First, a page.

The Department of Labor and Industries (L&I) decided to increase Amazon’s fulfillment warehouse work injury insurance premiums by 15%. Consequently, and according to reports, Amazon is disputing L&I’s basis for the rate hike. Personally, this is nothing new. As always, premium rates are a contentious issue. The reason is simple – higher premiums increase the cost of doing business in Washington State.


Workers’ compensation claim in Washington State

In Washington State, the workers’ compensation claim system is governed by the Industrial Insurance Act (RCW 51). This act outlines the benefits for workers and their dependents in the event of work injury or occupational disease resulting in disability or death. Generally, L&I collects insurance premiums from employers and employees statewide into several funds. In turn, L&I pays benefits to work injury claimants from those funds. In the case of self-insured employers, either the employer or their workers’ compensation insurance company pays benefits to the injured worker.


Work injury insurance

To charge fair premiums, L&I uses a multi-factor system to calculate employer contribution. The goal is for premiums to reflect workers’ risk of injury in their work environment. To accomplish this goal, they calculate workers’ compensation insurance rates on the basis of three factors: (1) Risk classification; (2) Base rates; and (3) Experience.


Risk classifications captures the level of hazard or risk exposure for workers in the workplace. There are over 300 categories in this classification. Naturally, employers with more hazardous work environment pay higher L&I premiums. For example, premiums for indoor office work are significantly lower in comparison to premiums for the logging industry.


L&I calculations

Calculating base insurance rates also involves several factors. Every year, L&I uses five years of L&I claim cost data to calculate the rates for each risk classification. Here, for each business, L&I multiplies the experience factor by the sum of the Accident Fund, Medical Aid Fund, and Stay at Work base rates. That value is added to the base rate for the Supplemental Pension Fund. Every business that uses the L&I work injury insurance program must pay into all four funds. Base rates for the first three funds vary according to risk classification. Furthermore, businesses receive an annual rate notice from L&I summarizing coverage for the upcoming year every December.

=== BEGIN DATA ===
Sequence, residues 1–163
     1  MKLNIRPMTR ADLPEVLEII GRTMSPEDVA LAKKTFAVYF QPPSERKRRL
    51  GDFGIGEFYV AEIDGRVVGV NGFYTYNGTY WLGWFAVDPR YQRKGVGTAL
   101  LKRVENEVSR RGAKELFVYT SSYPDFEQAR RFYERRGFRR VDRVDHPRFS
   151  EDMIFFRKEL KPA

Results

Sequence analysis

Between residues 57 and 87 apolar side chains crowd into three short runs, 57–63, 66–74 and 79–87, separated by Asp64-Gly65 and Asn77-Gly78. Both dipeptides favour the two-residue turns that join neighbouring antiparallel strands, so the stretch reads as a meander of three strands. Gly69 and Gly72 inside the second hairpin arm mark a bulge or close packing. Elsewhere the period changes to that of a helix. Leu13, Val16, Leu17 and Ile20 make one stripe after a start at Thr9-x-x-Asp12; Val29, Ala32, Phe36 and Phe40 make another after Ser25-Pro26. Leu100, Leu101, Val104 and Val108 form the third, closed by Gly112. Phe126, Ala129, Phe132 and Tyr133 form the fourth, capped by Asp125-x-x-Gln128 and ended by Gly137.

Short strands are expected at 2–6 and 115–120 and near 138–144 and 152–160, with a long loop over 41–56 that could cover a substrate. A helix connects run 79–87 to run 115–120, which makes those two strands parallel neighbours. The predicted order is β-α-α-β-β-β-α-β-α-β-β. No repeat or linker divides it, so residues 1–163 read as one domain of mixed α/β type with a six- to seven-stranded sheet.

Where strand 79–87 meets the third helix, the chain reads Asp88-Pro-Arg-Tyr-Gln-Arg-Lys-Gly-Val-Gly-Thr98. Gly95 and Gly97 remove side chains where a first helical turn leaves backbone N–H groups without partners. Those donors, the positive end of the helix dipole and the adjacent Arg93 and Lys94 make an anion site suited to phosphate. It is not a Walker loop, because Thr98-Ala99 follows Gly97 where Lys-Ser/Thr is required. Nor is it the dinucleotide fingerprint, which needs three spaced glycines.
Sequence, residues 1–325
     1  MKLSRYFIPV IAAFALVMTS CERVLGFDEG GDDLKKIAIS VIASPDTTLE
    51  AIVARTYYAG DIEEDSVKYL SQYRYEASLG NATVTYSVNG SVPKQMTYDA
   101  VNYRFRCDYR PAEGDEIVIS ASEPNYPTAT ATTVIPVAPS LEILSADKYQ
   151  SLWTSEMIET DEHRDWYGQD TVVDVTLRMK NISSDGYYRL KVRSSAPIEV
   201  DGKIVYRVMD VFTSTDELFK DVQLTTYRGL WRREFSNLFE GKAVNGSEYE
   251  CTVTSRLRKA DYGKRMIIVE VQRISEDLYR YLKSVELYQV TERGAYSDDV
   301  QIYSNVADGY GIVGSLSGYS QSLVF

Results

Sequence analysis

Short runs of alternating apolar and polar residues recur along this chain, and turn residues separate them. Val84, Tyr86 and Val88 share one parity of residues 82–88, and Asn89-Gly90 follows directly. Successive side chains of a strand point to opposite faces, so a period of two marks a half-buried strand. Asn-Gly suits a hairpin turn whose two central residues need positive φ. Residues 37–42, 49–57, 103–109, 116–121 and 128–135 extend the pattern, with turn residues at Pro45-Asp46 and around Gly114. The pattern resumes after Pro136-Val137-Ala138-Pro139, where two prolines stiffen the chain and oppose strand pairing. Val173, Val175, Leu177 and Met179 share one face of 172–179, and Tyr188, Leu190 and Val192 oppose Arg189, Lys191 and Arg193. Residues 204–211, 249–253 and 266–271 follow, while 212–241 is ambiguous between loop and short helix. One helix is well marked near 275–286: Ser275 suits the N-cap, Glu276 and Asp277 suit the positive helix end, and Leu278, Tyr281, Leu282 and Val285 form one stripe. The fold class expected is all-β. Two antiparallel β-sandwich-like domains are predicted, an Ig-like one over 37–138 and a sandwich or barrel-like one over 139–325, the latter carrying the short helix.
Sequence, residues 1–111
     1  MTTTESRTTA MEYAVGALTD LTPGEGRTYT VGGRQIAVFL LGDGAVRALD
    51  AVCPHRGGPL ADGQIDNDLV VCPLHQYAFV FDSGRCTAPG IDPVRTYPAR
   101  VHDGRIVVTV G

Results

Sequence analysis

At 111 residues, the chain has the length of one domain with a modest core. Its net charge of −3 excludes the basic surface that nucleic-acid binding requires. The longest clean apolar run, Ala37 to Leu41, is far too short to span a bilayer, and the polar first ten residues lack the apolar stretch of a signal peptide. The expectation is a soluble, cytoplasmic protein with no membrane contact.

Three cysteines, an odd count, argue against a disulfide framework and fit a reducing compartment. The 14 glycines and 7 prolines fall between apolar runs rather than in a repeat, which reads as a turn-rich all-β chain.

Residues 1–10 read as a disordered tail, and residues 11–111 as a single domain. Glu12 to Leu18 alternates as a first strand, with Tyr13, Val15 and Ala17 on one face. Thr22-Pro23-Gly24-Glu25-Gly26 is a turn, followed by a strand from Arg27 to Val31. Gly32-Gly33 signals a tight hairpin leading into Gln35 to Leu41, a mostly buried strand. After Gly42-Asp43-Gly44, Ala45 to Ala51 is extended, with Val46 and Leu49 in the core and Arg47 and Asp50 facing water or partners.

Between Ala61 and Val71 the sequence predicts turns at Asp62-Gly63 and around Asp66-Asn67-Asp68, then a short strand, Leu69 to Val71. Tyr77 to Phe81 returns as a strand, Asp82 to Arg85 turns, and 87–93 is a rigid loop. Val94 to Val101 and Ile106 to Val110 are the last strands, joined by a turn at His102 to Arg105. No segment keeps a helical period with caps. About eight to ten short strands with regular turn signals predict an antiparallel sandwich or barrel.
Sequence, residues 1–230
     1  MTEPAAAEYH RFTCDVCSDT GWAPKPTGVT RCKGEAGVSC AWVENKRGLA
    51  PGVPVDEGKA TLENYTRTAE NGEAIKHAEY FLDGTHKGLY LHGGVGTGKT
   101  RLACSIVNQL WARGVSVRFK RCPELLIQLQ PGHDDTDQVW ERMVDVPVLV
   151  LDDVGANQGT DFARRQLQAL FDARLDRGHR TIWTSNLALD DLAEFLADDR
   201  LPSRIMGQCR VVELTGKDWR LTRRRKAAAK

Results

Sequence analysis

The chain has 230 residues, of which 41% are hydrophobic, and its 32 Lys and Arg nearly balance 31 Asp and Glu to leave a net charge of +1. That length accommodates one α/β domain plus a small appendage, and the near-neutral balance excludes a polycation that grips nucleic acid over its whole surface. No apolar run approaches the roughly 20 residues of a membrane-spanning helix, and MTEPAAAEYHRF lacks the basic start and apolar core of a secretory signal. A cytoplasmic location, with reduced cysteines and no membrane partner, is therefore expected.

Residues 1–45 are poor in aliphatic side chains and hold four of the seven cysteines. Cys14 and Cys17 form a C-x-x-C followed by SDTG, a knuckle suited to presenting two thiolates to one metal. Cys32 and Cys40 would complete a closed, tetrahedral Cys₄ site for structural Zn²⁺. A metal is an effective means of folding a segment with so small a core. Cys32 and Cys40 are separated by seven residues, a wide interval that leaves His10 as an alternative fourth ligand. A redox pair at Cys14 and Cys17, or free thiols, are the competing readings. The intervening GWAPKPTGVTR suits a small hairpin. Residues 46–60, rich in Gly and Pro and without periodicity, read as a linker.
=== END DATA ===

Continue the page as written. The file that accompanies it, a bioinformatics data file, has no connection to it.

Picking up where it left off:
Finally, L&I applies an experience factor adjustment to base rates.  The experience factor adjusts the base rate by comparing a business’ actual experience with all businesses in the same risk classification. Then, if a business’ actual losses are less than expected, L&I applies an adjustment to reduce premiums for that employer. Similarly, if actual losses are greater than expected loss, then the experience factor will be greater. When this happens, the business is expected to have higher costs than the benchmark for its risk class.



Since it’s December, L&I’s annual notices just went out. Therefore, it isn’t a coincidence that the Amazon story is in the news right now. Contrary to what the reports may imply, this increase was not to single out and treat Amazon differently from any other employer. In assessing Amazon’s fulfillment warehouse work environment, L&I simply found that the risk classification warrants an adjustment. This kind of adjustment occurs any time L&I finds that current risk classification or experience ratings are inconsistent with the costs and instances of injury in the workplace, for any business.